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Mumbai student develops air device to keep docs cool in PPE suits

Mumbai student develops air device to keep docs cool in PPE suits

An engineering college student in Mumbai has developed a compact ventilation system for PPE kits that is expected to bring much-needed relief for doctors and healthcare workers on the frontlines of the COVID-19 battle, according to a Press Information Bureau statement.

The product called Cov-Tech can be worn around the waist, just like a belt. It can be attached with the conventional PPE kits and keeps the health workers well-ventilated and comfortable. It also helps to prevent various fungal infections, according to a Press Information.

Hard work for over six months led to the development of around 20 developmental prototypes and 11 ergonomic prototypes before the final product emerged.  He was helped by a Central government laboratory and the state-of-the-art prototyping facility at Dassault Systems in Pune helped Nihaal develop prototypes effectively and at ease.

How the system works

Nihaal, a second-year student of Mumbai’s K J Somaiya College of Engineering said,  “Cov-Tech Ventilation System is like you are sitting under the fan even while you are inside the PPE suit. It takes the surrounding air, filters it and pushes it into the PPE suit. Normally, due to lack of ventilation, it is hot and humid within the PPE suit; our solution offers a way out of this uncomfortable experience, by creating a steady air flow inside." The design of the ventilation system ensures a complete air seal from the PPE kit. It provides a breeze of fresh air to the user in a gap of just 100 seconds.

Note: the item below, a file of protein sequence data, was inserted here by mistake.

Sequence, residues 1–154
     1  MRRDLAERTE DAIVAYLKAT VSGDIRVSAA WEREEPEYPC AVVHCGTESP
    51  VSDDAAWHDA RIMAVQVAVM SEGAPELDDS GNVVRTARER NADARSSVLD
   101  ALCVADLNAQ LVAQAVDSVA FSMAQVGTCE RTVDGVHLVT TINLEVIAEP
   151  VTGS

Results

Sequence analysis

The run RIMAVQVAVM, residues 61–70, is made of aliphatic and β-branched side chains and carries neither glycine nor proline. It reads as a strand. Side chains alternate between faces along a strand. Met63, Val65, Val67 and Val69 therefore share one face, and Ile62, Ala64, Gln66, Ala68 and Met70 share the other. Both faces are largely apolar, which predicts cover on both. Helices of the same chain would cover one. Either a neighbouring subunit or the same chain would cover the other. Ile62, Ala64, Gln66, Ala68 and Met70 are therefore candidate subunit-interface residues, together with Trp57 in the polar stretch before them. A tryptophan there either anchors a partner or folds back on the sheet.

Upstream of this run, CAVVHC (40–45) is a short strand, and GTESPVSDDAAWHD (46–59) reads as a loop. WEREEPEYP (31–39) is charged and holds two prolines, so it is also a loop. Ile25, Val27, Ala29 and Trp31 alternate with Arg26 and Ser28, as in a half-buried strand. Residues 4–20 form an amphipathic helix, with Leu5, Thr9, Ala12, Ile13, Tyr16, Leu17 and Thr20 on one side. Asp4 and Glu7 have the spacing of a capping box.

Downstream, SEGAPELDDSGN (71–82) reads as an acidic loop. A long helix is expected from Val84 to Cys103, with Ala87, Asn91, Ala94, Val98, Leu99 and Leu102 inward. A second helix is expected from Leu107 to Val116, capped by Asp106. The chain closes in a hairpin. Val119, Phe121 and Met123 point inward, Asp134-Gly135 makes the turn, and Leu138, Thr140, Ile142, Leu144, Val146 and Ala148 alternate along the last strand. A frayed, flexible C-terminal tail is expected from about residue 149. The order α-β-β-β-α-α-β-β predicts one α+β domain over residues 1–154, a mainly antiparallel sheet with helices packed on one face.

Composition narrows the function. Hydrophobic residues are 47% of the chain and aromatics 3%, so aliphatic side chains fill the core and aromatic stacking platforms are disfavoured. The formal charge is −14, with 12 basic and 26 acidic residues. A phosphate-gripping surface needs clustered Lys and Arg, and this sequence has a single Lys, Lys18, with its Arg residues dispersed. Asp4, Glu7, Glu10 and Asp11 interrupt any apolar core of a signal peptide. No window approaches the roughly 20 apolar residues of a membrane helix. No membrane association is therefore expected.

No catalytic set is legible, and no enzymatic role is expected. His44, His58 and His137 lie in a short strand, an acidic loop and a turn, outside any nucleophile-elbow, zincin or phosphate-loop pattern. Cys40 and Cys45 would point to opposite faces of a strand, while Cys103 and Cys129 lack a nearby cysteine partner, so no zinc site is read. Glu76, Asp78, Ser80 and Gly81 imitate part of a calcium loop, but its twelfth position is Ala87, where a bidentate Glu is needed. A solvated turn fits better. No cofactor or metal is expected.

For the 19-year-old student innovator Nihaal Singh Adarsh, his Pune-based doctor mother’s necessity became the fount of inspiration for his invention.

The recognition of the problem led him to participate in a design challenge for COVID-related equipment, organized by Technological Business Incubator, Research Innovation Incubation Design Laboratory .

From The First Prototype to The Final Product

The design challenge led Nihaal to work on the first prototype. With guidance from Dr. Ulhas Kharul of National Chemical Laboratory, Pune, Nihaal was able to develop the first model in 20 days. Dr. Ulhas runs a start-up which does research on a membrane to filter air, with the aim of preventing spread of COVID-19. From here, Nihaal got the idea about what type of filter he should use, in order to achieve an optimum balance between filtration efficiency and air flow quality.

He also got crucial support from Somaiya Vidyavihar University’s RIIDL (Research Innovation Incubation Design Laboratory), supported by the National Science & Technology Entrepreneurship Development Board (NSTEDB), under the Department of Science & Technology, Government of India.